• The world is imperfect!
  • Environmental conditions can affect it, including things like the enclosure or thing surrounding the antenna

  • Antenna manufacturing variations means you might have different specs than stated


Pi network


"Match a 1000-Ω source to a 100-Ω load at frequency (f) of 50 MHz. You desire a bandwidth (BW) of 6 MHz."

Pi network


Measurement Tools

Spectrum Analyzer

Spectrum Analyzer





Cal Kit



Smith chart

This is actually a measurement tool, which plots various measurements

Smith Chart

Image courtesy digikey.com


  • S11 - Return loss
  • S21 - Insertion loss
  • S12 - Power transfer from P1 -> P2
  • S22 - Reflected power P2 back toP1

Return loss (S11)


Also known as "reflection coefficient"

Return Loss



  • This stands for the "Voltage standing wave ratio"
  • Measures how well the antenna is impedance matched to the source that is radiating RF energy.
  • It is measuring the matched characteristics, not that it necessarily does.
  • VSWR defined by the equation below, including gamma (Γ), which is the S11 parameter shown earlier

Image courtesy antenna-theory.net

What "DC" assumptions fall apart at higher frequencies?

  • A wire is just a wire

  • PCB material isn't as important as the components on board

  • A capacitor is there for charge storage

  • Current can be isolated by ground cuts

  • Power planes are always a good idea

"A wire is just a wire"

Actually every wire is an inductor


What does this mean for our circuit?

Simple example:

Past 10 MHz, breadboard signal quality falls off

Image courtesy makerspaces.com

"PCBs construction isn't as important as the components placed on that PCB"

4 Layer Stackup

The PCB stackup impacts every piece of your signal pathways, including the impedance/inductance/capacitance of each stripline.

More complex PCB example:

In the GHz range, the small inductance of a PCB trace can have outsized effects on your signal

  • Track width: 0.1 mm (3.94 mil)
  • Track length: 50 mm (1.97 in)
  • Height above GND: 0.2 mm (7.87 mil)
  • Track inductance:  63.2 nH
  • Impedance @ 2.4GHz: 953 ohm


Ground plane should always be the layer below where your signal is running

Understanding your stackup is critical for treating your PCB as part of your circuit


"A capacitor is there for charge storage"

Image courtesy of Wikipedia

Image courtesy of iFuture Technology



"Current can be isolated by ground cuts"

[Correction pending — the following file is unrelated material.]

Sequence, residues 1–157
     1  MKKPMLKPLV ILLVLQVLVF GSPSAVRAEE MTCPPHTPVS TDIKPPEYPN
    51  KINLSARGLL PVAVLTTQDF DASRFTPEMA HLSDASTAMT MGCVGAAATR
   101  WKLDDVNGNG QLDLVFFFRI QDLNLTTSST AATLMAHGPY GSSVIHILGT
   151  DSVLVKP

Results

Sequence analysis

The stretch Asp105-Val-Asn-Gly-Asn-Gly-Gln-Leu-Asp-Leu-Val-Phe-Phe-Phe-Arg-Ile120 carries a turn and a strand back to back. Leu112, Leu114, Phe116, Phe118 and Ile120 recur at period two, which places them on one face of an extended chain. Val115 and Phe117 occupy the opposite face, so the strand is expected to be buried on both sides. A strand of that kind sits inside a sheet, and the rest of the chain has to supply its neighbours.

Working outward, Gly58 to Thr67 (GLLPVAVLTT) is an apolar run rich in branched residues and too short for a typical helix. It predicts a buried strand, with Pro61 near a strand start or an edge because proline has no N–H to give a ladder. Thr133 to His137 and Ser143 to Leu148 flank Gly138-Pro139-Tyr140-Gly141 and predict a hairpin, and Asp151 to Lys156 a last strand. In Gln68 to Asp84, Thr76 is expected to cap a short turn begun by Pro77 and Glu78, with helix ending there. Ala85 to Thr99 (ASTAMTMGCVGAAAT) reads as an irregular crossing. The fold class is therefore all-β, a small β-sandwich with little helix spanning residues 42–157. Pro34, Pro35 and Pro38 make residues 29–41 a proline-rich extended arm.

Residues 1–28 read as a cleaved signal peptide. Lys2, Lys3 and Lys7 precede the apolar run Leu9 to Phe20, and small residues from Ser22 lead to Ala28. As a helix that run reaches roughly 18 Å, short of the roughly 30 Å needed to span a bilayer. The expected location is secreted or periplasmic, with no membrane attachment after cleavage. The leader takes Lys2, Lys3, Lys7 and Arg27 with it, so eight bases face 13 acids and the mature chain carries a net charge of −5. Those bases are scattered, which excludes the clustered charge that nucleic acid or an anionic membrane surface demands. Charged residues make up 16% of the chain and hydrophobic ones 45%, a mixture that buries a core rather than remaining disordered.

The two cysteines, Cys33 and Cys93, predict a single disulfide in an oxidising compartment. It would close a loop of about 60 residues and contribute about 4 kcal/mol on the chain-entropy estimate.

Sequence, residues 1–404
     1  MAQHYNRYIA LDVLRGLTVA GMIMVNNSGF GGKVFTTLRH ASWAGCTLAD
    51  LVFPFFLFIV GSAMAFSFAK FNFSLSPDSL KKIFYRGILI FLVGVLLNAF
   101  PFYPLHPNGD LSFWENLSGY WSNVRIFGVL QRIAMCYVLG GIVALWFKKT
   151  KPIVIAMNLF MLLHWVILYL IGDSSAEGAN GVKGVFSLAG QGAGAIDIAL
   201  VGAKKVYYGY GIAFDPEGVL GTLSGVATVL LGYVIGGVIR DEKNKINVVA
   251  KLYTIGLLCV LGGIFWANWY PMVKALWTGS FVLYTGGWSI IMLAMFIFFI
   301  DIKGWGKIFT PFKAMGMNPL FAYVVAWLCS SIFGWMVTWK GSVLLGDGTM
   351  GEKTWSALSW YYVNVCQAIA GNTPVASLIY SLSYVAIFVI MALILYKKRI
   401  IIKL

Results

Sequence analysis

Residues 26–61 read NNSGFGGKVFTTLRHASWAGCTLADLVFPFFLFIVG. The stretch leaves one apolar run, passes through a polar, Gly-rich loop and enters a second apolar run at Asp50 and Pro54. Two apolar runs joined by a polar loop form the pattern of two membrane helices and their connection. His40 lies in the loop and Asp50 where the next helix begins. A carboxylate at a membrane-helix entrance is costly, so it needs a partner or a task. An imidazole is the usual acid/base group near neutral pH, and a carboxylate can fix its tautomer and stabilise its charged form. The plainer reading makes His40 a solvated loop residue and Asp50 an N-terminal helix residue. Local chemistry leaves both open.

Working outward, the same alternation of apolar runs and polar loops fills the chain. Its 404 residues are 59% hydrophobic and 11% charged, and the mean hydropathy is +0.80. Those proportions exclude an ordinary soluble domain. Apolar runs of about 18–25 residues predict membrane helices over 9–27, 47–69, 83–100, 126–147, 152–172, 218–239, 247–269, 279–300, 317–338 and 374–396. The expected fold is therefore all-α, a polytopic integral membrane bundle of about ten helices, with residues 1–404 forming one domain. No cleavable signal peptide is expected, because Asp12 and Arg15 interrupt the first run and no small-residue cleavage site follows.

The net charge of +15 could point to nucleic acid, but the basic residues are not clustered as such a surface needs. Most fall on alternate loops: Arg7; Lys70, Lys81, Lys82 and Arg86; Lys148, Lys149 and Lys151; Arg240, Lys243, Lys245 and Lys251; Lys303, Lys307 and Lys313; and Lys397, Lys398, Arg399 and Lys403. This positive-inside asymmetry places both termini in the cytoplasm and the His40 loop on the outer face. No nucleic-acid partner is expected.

Noise reduction techniques in low level analog involves cutting the ground plane to stop noise from "leaking" over


At low frequencies, the cutout means that the signals won't "get around" the cut, effectively shielding the isolated areas

High speed signals will treat this area as a capacitor and effectively "travel through" to the other side.

They often radiate energy while doing so. This is how we make PCB antennas (!)

"Current follows the path of least resistance"

The signal actually cares about the path of least impedance.

At DC, this is the path of least resistance.


In higher speed signals, the impedance takes on more complex terms and the inductance starts to matter more.

The magnetic fields between two signals flowing in opposite directions cancel out

This means the inductance will be lowest directly below the signal path and the signal will preferentially flow black on the ground plane


What about Bluetooth, Cellular, Wifi, LoRa, _______, etc, etc?

All of these communication methods are different versions of the same fundamentals

(and most are really brand names)

  • Bluetooth - 2.4 GHz
  • WiFi - 2.4 GHz and 5 GHz
  • LoRa, SigFox
    • 433 MHz (Global)
    • 915 MHz (US)
    • 868 MHz (Europe)
  • GSM Cellular
    • 900, 1800 MHz (Europe, Asia)
    • 850, 1900 MHz (US)
  • 3G, LTE, 5G
    • Various frequencies (see:  http://tiny.cc/cellular_freq)



  • "A Practical Guide To RF And Mixed Signal Printed Circuit Board Layout" -  Brendon Parise and Scott Nance[1] 

  • "RF Circuit Design" - Christopher Bowick [2]
  • "Planar Microwave Engineering" - Thomas Lee [3]

[1]: https://amzn.to/2ZdnUzm

[2]: https://amzn.to/2HmQwey

[3]: https://amzn.to/2HnSWcY


Development kits/programs

  • RTL-SDR + GNU Radio
  • GSG HackRF
  • ADI Pluto

Many thanks to Jeff Keyzer (@mightyohm) for helping create these slides!


Thanks to Derek Kozel (@derekkozel) for reviewing this presentation

Thank you!


Twitter: @Chris_Gammell

E-mail: chris@analoglife.co